Walter Benjamin, working toward an essay on children’s books illustration, lands on this idea about adulthood:
Today's tiny accidental recursive series:
Here is a Post-it doodle of a cactus that’s really into Devo
There are not one but two parenthetical “Picnic, Lightning” nods at Lolita in Lauren Groff’s Fates and Furies, the first of which is
At last she nodded and bussed her tray and left; and as this was her last night at the residency, he wouldn’t see her again. [Her death would be soon and sudden. Ski tumble; embolism.] (135)
The second occurs near the end:
When, a few years later, an attorney contacted her on her phone at the theater where Lotto was helping to cast his new play, she listened intently. Her uncle, the attorney said, had died [carjacking; crowbar]. (329)
Other Lolita nods:
Thoughts of Mathilde had become amagnetic, rebounding off her, spinning outward, ending up hopelessly tangled in thoughts of an Asian nymphet cooing at him in a schoolgirl’s kilt, as fantasies tended to. (127)
She was six feet tall in bobby socks. In heels, her eyes were at his lip line. She looked up at him coolly. (38)
here they are:
I could go on about “El Chapulín Colorado,” and about the genius of Chespirito, but here’s what I could fit in an index card: that I had no idea that chapulín meant cricket or that the show had stopped filming in 1979, which meant I had watched it all through my childhood in reruns.
An Iris Murdoch master class on how to land a sentence, in one sentence.
This is one of the patron saints of revision:
Post-It doodle of a pigeon who loves noir and has tore through all of Hammett and Chandler and is just now discovering Dorothy Hughes and Megan Abbott
A Ross MacDonald master class on how to land a sentence, in one sentence:
I try to piece out why I loved a Rachel Ingalls passage so much, particularly one that feels almost tossed off:
I love Ingalls's variation on the gothic-horror convention of not being able to leave a place you know you should absolutely leave ASAP, the icy humor in the heroine going, "Well, it'd be rude to. It'd make my boyfriend look rude to these strangers w/ their bathroom toads."
I’m late to Andrew Sean Greer’s delightful Less and loved everything about it, including its sly Pnin-ish narratorial technique and equally Pnin-ish hapless protagonist, Arthur Less. There were other, more overt Nabokov nods:
Though he was once an endowed chair at Robert’s university, he has no formal training except the drunken, cigarette-filled evenings of his youth, when Robert’s friends gathered and yelled, taunted, and played games with words. As a result, Less feels uncomfortable lecturing. Instead, he re-creates those lost days with his students. Remembering those middle-aged men sitting with a bottle of whiskey, a Norton book of poetry, and scissors, he cuts up a paragraph of Lolita and has the young doctoral students reassemble the text as they desire. In these collages, Humbert Humbert becomes an addled old man rather than a diabolical one, mixing up cocktail ingredients and, instead of confronting the betrayed Charlotte Haze, going back for more ice. He gives them a page of Joyce and a bottle of Wite-Out—and Molly Bloom merely says “Yes.” A game to write a persuasive opening sentence for a book they have never read (this is difficult, as these diligent students have read everything) leads to a chilling start to Woolf’s The Waves: I was too far out in the ocean to hear the lifeguard shouting, “Shark! Shark!”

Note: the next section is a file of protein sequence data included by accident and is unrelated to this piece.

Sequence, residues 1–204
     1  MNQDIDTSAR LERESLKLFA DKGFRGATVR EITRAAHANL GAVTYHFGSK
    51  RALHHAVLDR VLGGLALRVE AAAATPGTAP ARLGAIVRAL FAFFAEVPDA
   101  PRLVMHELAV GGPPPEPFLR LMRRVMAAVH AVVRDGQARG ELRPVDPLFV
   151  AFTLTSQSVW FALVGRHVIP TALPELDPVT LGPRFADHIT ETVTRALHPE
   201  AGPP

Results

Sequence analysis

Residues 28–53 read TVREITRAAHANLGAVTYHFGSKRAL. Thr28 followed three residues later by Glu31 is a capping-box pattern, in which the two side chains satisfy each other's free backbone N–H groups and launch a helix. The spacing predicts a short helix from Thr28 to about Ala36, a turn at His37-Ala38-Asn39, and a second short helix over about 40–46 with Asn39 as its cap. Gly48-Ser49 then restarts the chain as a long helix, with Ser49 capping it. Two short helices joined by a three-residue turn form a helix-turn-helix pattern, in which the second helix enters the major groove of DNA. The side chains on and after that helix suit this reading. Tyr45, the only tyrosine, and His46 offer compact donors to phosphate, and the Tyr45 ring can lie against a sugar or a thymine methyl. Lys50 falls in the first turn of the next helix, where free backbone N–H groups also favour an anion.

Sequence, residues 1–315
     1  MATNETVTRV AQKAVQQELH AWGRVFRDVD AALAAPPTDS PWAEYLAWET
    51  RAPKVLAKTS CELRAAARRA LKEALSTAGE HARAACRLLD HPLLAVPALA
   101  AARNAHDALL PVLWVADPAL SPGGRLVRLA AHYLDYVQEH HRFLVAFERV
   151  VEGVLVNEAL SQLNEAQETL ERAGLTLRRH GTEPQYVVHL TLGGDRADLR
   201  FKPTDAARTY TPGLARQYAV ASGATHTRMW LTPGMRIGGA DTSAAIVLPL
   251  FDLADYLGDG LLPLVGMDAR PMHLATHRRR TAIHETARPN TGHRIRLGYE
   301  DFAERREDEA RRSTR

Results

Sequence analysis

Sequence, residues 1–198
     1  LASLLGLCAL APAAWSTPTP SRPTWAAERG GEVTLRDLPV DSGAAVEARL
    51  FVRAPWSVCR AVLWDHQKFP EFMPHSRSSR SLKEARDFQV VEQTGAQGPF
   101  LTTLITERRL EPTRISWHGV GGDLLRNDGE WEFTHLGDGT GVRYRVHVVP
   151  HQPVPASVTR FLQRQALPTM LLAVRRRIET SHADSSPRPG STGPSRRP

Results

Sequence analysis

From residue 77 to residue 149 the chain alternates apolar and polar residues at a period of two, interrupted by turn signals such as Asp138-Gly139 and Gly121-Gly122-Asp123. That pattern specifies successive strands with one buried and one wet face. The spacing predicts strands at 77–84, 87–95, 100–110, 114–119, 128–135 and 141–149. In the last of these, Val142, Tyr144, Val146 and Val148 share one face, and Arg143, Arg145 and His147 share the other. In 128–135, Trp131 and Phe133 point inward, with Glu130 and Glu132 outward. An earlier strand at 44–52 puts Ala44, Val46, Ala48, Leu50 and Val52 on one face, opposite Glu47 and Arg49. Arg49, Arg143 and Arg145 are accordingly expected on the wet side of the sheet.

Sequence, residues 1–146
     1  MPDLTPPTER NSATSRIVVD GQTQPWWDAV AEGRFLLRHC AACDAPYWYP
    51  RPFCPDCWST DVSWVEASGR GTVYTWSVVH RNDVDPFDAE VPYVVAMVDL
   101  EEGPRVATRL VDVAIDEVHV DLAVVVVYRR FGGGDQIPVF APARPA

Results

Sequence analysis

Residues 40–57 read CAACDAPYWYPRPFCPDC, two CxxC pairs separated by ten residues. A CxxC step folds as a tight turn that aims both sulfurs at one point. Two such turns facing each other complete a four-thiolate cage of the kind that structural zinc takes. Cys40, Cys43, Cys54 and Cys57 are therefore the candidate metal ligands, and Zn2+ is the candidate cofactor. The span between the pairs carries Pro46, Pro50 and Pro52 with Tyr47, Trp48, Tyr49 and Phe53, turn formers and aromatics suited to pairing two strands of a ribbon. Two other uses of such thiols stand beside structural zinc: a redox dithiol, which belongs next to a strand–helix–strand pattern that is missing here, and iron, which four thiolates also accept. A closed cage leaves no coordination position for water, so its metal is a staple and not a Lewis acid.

Here’s another, less overt Nabokov nod:
“I am sorry, I have something in my eye.” Javier’s right eye is now blinking rapidly: a panicked bird. From its outer edge, a rivulet of tears begins to flow.
“Are you okay?”
Javier clenches his teeth and blinks and rubs. “This is so embarrassing. The lenses are new for me, and irritating. They are French.”
Less does not fill in the punch line. He watches Javier and worries. He once read in a novel about a technique for removing a speck from another’s eye: you use the tip of your tongue. But it seems so intimate, more intimate than a kiss, that he cannot even bear to mention it. And, being from a novel, it is possibly an invention.
And here’s the relevant Lolita passage if the bit above is unclear:
Tuesday. Rain. Lake of the Rains. Mamma out shopping. L., I knew, was somewhere quite near. In result of some stealthy manuevering, I came across her in her mother’s bedroom. Prying her left eye open to get rid of a speck of something. Checked frock. Although I do love that intoxicating brown fragrance of hers, I really think she should wash her hair once in a while. For a moment, we were both in the same warm green bath of the mirror that reflected the top of a polar with us in the sky. Held her roughly by the shoulders, then tenderly by the temples, and turned her about. “It’s right here,” she said, “I can feel it.” “Swiss peasant would use the tip of her tongue.” “Lick it out?” “Yeth. Shly try?” “Sure,” she said. Gently I pressed my quivering sting along her rolling salty eyeball.
One thing I didn’t add: I actually almost never ate here, because it felt too fancy and expensive.
Post-It doodle of a building that wakes up to a bear mowing its rooftop lawn
Here it is before the colors came in:
Here are some of the doodles I’ve done recently — they include an iguana who borrowed your lanyard to get into a conference for free and a moray eel who is really into Pavement.